In order to unequivocally prove mode-locking, we employ two independent methods to characterize the pulse dynamics at three points of operation from threshold up to the rollover current. Firstly, an interferometric RF technique called “Shifted wave interference Fourier transform spectroscopy” (SWIFTS)34 is used to measure the phases of the QCL spectrum (details in Methods section). This information not only enables the reconstruction of the temporal waveform, but also allows to assess the phase-coherence of the pulses and whether they form a frequency comb. Secondly, we measure the interferometric autocorrelation (IAC) of the pulses using the 2-QWIP, which constitutes an additional well-established proof for mode-locking and the pulse width. Fig. 2a shows the SWIFTS characterization of the QCL operated close to threshold. In contrast to the free-running laser, the intensity spectrum consists of a single Gaussian-shaped lobe. The SWIFTS spectrum represents the part of the intensity spectrum which is beating exactly at the modulation frequency. Since the SWIFTS spectrum has the same shape as the intensity spectrum over its entire span, the QCL generates a frequency comb whose repetition frequency is given by the modulation frequency. The intermodal difference phases Δϕ, which correspond to the spectral group delay, are synchronized almost perfectly in-phase. Hence, all parts of the spectrum have the same group delay and form a pulse. Indeed, the reconstructed waveform in Fig. 2b shows the emission of 6.5 ps short pulses. The full-width-half-maximum (FWHM) of the reconstructed pulses is given by the transform limit of the spectrum in Fig. 2b, indicating that there is negligible chirp in the pulses. In these optimal conditions, the peak power reaches almost 250  mW, which constitutes an enhancement of more than 12 compared to the average power of 20 mW. It is noteworthy that the pulse width does not appear to be limited by the gain bandwidth. Away from the optimal condition, also broader spectra could be obtained, however, these coincide with broader not transformation limited pulses. (see Supplementary Fig. 3).

In order to model the cavity dynamics, we use a fully coherent master equation35 (Supplementary Section 1). This single equation for the complex field replaces the entire Maxwell-Bloch system36,37 and reliably predicts the spectral shape, phase relationship and pulse width observed experimentally (Fig. 2c). Furthermore, it allows experimentally unavailable analyses, e.g. the influence of dispersion and nonlinearities (Supplementary Figs. 2, 3, and 7).

The IAC close to threshold (Fig. 2d) shows a prominent peak at zero path difference caused by constructive interference of the pulses after the Michelson interferometer. The ratio of this peak to the background at a delay larger than the pulse width is 8:1, which is generally regarded as the smoking gun of mode-locked pulses. Encouragingly, the measured IAC is in excellent agreement with the expected IAC, which was calculated using the pulses obtained by SWIFTS (red dots in Fig. 2d). This confirms successful mode-locking and the retrieved pulse width38.

The generation of pulses becomes increasingly challenging at higher gain current. Due to gain saturation, the wings of a pulse experience more gain than the peak. This effect leads to pulse broadening and can destabilize mode-locking. Fortunately, the large modulation depth provided by the bi-functional quantum design enables mode-locking over the entire lasing range from threshold to rollover. The IAC traces at 3.7 kA/cm2 and at the rollover current still show the required peak-to-background ratio of 8:1. The pulses at rollover are slightly broadened to roughly 12 ps, which is attributed partially to a slight chirp and partially to the gain saturation effect mentioned above (Supplementary Fig. 6). Yet, the average power is greatly increased to 62 mW, which results in over 430 mW peak power and 5 pJ pulse energy—more than an order of magnitude higher than recent reports of comparable mid-infrared semiconductor lasers emitting at shorter wavelengths33,39.

On-chip detector for beatnote characterization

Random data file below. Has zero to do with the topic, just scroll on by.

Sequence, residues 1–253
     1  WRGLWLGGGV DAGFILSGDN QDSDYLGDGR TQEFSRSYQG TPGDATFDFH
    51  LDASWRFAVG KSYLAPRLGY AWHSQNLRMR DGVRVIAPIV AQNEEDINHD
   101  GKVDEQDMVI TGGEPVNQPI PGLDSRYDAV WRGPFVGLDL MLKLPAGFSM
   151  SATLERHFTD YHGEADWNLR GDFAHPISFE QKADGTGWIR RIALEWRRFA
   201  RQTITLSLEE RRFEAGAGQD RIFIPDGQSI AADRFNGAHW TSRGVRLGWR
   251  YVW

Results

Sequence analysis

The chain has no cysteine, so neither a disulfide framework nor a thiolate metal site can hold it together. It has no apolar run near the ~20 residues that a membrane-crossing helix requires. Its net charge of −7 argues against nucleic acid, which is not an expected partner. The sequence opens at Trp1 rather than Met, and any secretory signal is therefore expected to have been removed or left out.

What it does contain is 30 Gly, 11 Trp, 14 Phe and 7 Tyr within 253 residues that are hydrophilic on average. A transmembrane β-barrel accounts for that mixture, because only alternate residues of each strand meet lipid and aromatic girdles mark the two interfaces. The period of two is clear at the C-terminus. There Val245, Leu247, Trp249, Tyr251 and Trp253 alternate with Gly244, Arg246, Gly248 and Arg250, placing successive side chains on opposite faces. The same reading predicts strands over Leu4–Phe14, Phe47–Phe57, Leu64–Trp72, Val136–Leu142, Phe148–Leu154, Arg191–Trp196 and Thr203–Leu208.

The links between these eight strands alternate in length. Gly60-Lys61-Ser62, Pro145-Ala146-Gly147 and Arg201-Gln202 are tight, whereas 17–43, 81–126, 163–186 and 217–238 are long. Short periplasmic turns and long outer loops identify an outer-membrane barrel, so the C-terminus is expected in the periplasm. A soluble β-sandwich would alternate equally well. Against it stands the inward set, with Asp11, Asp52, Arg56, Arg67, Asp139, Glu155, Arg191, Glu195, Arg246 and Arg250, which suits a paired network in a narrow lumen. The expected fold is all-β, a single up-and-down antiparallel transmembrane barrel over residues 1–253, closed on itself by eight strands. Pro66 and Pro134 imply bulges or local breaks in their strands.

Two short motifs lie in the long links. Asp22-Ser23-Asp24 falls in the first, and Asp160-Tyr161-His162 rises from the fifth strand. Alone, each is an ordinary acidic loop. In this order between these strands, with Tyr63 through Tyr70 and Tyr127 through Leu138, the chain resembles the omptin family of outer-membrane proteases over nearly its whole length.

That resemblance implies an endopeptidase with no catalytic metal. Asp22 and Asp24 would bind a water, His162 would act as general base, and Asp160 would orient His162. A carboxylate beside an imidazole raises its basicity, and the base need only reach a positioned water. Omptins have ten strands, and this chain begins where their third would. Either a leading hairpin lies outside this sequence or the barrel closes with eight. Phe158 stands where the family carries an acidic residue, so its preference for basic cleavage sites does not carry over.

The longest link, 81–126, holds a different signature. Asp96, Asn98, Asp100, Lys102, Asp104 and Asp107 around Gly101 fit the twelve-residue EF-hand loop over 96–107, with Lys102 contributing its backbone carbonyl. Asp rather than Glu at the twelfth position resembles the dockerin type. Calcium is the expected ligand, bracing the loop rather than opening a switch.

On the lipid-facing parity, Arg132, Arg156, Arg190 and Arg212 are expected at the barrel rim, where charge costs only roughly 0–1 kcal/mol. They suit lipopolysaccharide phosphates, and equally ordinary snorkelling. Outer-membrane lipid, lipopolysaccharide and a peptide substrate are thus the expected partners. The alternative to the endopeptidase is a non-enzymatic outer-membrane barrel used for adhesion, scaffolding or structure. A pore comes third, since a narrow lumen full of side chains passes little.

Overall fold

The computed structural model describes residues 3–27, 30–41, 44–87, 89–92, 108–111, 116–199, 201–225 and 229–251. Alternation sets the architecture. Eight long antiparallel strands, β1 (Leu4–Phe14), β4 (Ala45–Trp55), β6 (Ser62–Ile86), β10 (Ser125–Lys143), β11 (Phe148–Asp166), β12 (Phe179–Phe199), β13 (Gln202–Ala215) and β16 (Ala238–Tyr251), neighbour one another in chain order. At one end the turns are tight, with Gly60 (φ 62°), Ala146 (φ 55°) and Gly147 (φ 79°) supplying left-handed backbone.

Another fascinating aspect of bi-functional quantum design is the possibility to monolithically integrate ultrafast photodetectors. While this is particularly important in applications such as photonic integrated circuits, it also provides a tool to measure the beatnote with very large signal-to-noise ratio directly on the chip (Fig. 3a). This provides crucial information about the type of synchronization state and about its stability. To this end, we have fabricated 7 mm long devices divided into three sections: the modulation and gain sections are used for generating the pulses and a third section close to the opposite facet of the modulation section is used as on-chip detector. The length of this detection section was reduced to 70 μm to minimize its parasitic capacitance, which increases the electrical detection bandwidth. RF probes are landed directly on the detection section to extract the laser beatnote. Figure 3b shows the first three harmonics of the beatnote in the free-running and the actively mode-locked regime. In the latter conditions, the beatnote amplitudes increase by 19 dB due to the much larger amplitude modulation. The residual beatnote in the free-running FM regime can be attributed to the amplitude-phase coupling in the active medium35. The zoom on the first harmonic beatnote (Fig. 3c) allows to assess the phase-coherence and stability of the frequency comb. The free-running QCL is operating in the anti-phase state showing a weak beatnote at \({f}_{{\rm{rep}}}^{0}\). Previous work40,41,42 has shown that a weak electrical modulation can be used to lock and stabilize the beatnote of the anti-phase state. However, the situation is very different when applying strong modulation at \({f}_{{\rm{rep}}}^{0}\). In this case, the modulation enforces an AM waveform, which is contrary to the natural anti-phase behaviour of the laser. As a result, the beatnote of this waveform is not phase-locked, as indicated by the pedestal around \({f}_{{\mathrm{mod}}}\). The situation changes completely, when the modulation frequency is tuned to the synchronization frequency of the in-phase state (\({f}_{{\rm{rep}}}^{0}+33\) MHz). There, the strong modulation is in consensus with the natural behavior of the laser, leading to a phase-locked frequency comb with narrow beatnote. Figure 3d shows the beatnote map, while continuously sweeping the modulation frequency across the in-phase and anti-phase synchronization frequencies. The upper two subfigures of Fig. 3c correspond to slices taken at these two frequencies, which is indicated by the dashed lines. The frequency of the beatnote is controlled by the modulation over the entire span shown in Fig. 3d. However, a phase-locked comb is only generated around the in-phase synchronization frequency, highlighted by the shaded gry area. There, the beatnote consists of a single narrow line locked to the modulation frequency, indicating the formation of a fully coherent comb. In contrast, when modulating at \({f}_{{\rm{rep}}}^{0}\), a noise pedestal is visible around the modulation frequency.